DOWNLOADABLE RESOURCE: Flood, Drought, Fire, Wind and Cold – because extreme events are becoming the norm, communities need to progress along a continuum to achieve “Sustainable Watershed Systems, through Asset Management” (September 2017)

Note to Reader:

In September 2017, the Partnership for Water Sustainability in British Columbia announced the re-build of the website. It now provides easy access to an array of 11 online tools.


Governments of Canada and British Columbia fund water balance tools & resources for climate adaptation action

“Local governments in British Columbia already face a $200 billion challenge for renewal of aging hard infrastructure – such as watermains, sewers and roads. And now, as communities face the increasing impacts of climate change, there is another KimStephens3_June2017_120punfunded liability – the cost to restore watershed hydrology and water resilience in the built environment,” states Kim Stephens, Executive Director, Partnership for Water Sustainability.

“British Columbia has arrived at a fork in the road. How, and how quickly, will communities respond? And how will they adapt over time to the New Normal?

North American Leaders in Flow-Duration Analysis

“The Partnership for Water Sustainability is evolving online tools that support implementation of the whole-system, water balance approach. British Columbia, Washington State and California are leaders. We are moving forward in parallel on this journey,” states Jim Dumont, the Partnership’s Engineering Applications Authority.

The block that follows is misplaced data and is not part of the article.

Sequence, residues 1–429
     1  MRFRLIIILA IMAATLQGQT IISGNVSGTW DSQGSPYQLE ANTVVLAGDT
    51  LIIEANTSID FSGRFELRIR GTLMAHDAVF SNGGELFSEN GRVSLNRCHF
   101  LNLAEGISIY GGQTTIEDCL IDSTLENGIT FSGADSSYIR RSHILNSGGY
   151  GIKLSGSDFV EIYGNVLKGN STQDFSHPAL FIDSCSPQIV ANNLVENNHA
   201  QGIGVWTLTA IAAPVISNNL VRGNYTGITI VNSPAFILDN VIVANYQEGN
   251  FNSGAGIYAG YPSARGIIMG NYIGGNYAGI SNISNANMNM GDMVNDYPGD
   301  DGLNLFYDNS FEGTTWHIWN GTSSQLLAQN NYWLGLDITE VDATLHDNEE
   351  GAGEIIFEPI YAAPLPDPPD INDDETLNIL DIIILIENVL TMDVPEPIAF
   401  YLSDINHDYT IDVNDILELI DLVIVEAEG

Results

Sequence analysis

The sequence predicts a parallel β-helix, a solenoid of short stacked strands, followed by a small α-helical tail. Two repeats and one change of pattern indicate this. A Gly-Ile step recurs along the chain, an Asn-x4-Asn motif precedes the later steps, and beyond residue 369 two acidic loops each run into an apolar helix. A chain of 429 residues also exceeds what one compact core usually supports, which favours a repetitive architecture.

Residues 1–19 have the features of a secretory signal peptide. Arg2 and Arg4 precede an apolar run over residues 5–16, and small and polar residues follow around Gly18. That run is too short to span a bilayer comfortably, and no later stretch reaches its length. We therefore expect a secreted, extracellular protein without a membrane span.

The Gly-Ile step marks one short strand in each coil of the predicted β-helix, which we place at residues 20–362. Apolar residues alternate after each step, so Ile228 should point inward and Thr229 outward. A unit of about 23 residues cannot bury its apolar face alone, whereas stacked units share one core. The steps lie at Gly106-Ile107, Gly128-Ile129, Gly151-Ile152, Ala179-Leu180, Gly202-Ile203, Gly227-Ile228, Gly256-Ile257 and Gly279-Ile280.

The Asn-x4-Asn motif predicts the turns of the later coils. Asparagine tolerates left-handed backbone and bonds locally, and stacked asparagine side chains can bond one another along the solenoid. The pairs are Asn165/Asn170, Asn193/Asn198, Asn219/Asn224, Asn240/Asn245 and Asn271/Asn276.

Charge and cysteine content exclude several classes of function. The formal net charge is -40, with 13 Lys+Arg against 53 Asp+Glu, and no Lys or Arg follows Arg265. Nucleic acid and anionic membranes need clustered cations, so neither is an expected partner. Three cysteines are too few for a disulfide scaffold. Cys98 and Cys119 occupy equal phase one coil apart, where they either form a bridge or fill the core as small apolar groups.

Jim-Dumont1_June2015DSC_05358_120pA commonality is that all three regions are addressing impacts to the stream. Washington State and California have gone a step further than BC and mandated Flow-Duration Analysis as a regulatory requirement.

Over time, Jim Dumont has evolved the Water Balance Methodology to synthesize watershed hydrology and stream dynamics.

“The innovation in BC’s Water Balance Methodology is found in the integration and application of proven scientific and engineering principles,” emphasizes Jim Dumont.

“The methodology provides a logical and straightforward way to assess potential impacts resulting from urban development; and analytically demonstrate the effectiveness of the methods proposed for preventing and/or mitigating those impacts.”

“Real-world success would be defined as reduced stream erosion during wet weather, and sustained ‘environmental flows’ during dry weather,” concludes Jim Dumont.

To Learn More:

Download Flood, drought, fire, wind and cold – because extreme events are becoming the norm…..Communities need to progress along a continuum to achieve “Sustainable Watershed Systems, through Asset Management”

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